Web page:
This month, more than a dozen wealthy parents will appear in a Boston federal court, accused of using a criminal “side door” to get their kids into prestigious schools. Among those on the U.S. attorney’s star-studded list of indictments are Lori Loughlin, who played Aunt Becky in Fuller House, and Felicity Huffman, a Desperate Housewives regular. These parents bribed coaches with hundreds of thousands of dollars, took fake recruiting photos, and had their kids cheat on tests, all to score admission to schools like Yale, Stanford, and the University of Southern California.
While they might seem irrationally status-obsessed, they’re not outliers. The allure of brand-name schools was strong when I applied to colleges as a teenager. In my competitive high school, it was almost a given that you’d attend the most selective college you could g…
Phil Cass is making a difference in Columbus, Ohio. He describes how
shocked he was to discover that physicians have become the #1 group of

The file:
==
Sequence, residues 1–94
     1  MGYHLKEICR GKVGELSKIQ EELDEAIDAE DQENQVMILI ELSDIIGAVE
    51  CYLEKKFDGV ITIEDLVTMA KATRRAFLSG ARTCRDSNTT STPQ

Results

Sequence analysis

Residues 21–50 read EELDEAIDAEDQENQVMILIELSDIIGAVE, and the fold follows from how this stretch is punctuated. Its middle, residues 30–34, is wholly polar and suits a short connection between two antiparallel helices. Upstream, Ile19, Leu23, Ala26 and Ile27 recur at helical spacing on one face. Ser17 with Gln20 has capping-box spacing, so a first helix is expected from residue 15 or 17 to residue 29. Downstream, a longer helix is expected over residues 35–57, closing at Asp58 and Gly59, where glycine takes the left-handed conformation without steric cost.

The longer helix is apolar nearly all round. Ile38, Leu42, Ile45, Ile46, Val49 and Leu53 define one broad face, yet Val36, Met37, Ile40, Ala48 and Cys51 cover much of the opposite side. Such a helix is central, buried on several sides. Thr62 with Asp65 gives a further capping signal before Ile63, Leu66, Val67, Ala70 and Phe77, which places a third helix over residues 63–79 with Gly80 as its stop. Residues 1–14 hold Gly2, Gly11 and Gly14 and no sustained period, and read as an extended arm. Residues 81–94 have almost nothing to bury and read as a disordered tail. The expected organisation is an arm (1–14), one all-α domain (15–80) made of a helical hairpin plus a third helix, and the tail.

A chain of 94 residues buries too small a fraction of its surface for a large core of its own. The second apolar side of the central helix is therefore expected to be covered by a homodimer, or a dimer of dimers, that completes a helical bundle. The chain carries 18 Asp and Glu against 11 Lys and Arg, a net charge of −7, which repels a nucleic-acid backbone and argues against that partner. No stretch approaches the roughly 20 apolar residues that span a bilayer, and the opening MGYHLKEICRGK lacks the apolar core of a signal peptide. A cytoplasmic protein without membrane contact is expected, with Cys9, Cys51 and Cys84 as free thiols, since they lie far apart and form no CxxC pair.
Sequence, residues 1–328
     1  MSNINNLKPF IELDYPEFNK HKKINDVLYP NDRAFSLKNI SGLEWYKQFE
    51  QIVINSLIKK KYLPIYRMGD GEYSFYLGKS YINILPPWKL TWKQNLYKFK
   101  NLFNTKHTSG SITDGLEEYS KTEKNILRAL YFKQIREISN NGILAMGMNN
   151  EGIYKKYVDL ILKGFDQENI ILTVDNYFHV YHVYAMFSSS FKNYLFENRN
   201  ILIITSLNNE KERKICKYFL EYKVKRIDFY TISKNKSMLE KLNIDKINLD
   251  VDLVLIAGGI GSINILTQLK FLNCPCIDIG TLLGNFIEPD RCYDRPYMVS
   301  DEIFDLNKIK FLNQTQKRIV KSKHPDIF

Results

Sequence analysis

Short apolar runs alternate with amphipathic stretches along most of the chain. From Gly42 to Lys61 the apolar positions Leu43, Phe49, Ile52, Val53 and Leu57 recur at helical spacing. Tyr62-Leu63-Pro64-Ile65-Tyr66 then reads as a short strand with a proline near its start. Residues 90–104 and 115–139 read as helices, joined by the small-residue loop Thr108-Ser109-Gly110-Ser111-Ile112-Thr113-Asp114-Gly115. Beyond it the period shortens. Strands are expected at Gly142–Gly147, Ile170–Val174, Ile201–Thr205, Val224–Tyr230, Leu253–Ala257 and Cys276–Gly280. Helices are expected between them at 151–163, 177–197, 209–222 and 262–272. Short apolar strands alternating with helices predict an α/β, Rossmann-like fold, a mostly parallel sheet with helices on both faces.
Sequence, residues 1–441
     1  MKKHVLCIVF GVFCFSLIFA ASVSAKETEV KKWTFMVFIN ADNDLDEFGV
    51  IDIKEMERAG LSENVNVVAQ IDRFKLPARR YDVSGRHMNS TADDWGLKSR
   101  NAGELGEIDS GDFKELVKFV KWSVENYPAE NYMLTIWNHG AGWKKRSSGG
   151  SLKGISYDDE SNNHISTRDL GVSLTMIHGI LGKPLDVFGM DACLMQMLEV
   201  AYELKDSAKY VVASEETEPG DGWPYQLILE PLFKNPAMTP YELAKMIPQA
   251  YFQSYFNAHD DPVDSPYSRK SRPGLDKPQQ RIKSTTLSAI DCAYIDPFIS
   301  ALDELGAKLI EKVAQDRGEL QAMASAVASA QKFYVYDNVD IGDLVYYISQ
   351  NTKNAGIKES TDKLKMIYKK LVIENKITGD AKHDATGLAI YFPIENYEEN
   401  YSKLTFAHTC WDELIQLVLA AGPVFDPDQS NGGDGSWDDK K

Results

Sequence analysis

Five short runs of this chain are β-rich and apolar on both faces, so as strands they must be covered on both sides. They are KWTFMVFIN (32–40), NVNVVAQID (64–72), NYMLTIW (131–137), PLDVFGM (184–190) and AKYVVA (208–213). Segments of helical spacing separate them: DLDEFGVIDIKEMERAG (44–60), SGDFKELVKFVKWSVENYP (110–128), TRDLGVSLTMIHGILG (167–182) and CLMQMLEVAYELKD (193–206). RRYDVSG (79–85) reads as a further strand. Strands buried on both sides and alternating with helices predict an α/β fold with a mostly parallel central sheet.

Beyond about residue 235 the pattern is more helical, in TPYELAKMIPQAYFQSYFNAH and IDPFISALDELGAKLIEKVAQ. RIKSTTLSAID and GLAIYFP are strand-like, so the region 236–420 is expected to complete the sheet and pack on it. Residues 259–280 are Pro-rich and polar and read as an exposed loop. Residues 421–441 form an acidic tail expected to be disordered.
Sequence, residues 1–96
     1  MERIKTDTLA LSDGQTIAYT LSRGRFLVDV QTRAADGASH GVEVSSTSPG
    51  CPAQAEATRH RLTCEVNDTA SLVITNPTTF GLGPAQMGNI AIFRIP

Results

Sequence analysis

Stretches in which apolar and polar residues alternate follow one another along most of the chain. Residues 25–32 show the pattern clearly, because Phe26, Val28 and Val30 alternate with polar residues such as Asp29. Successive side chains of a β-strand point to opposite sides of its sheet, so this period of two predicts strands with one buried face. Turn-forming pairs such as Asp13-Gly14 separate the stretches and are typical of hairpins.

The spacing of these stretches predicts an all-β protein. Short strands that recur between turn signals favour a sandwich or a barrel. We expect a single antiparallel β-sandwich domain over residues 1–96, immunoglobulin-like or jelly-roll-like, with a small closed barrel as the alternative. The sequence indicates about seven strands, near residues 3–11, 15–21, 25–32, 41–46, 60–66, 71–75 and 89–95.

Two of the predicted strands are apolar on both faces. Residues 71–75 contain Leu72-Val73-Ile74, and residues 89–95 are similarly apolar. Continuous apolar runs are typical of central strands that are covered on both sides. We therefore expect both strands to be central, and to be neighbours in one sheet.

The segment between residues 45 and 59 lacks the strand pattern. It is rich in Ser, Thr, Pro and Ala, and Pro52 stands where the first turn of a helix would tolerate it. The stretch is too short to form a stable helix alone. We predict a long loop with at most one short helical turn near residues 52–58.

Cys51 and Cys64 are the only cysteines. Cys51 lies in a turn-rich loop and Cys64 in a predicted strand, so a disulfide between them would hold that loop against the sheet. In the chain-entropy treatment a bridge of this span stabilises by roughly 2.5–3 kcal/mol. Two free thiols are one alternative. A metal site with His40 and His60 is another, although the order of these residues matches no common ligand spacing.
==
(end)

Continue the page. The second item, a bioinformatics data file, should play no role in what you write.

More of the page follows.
people who commit suicide in the U.S. Working with staff, he remade the
culture of the medical association, and their affiliate corporations,
into a highly participatory culture and spearheaded the creation a free
health care clinic for the uninsured. Over 5,000 Physicians now
volunteer in it. As Cass says, "I do think that a good heart, a strong
heart and a real heart, well positioned--I don't know if it can change
the world, but I know it can change the world around you."
Imagine what it would be like to eat at your favorite restaurant every day. Going there would be exciting at first, but with time it would simply become part of your routine—and you might even get bored with it.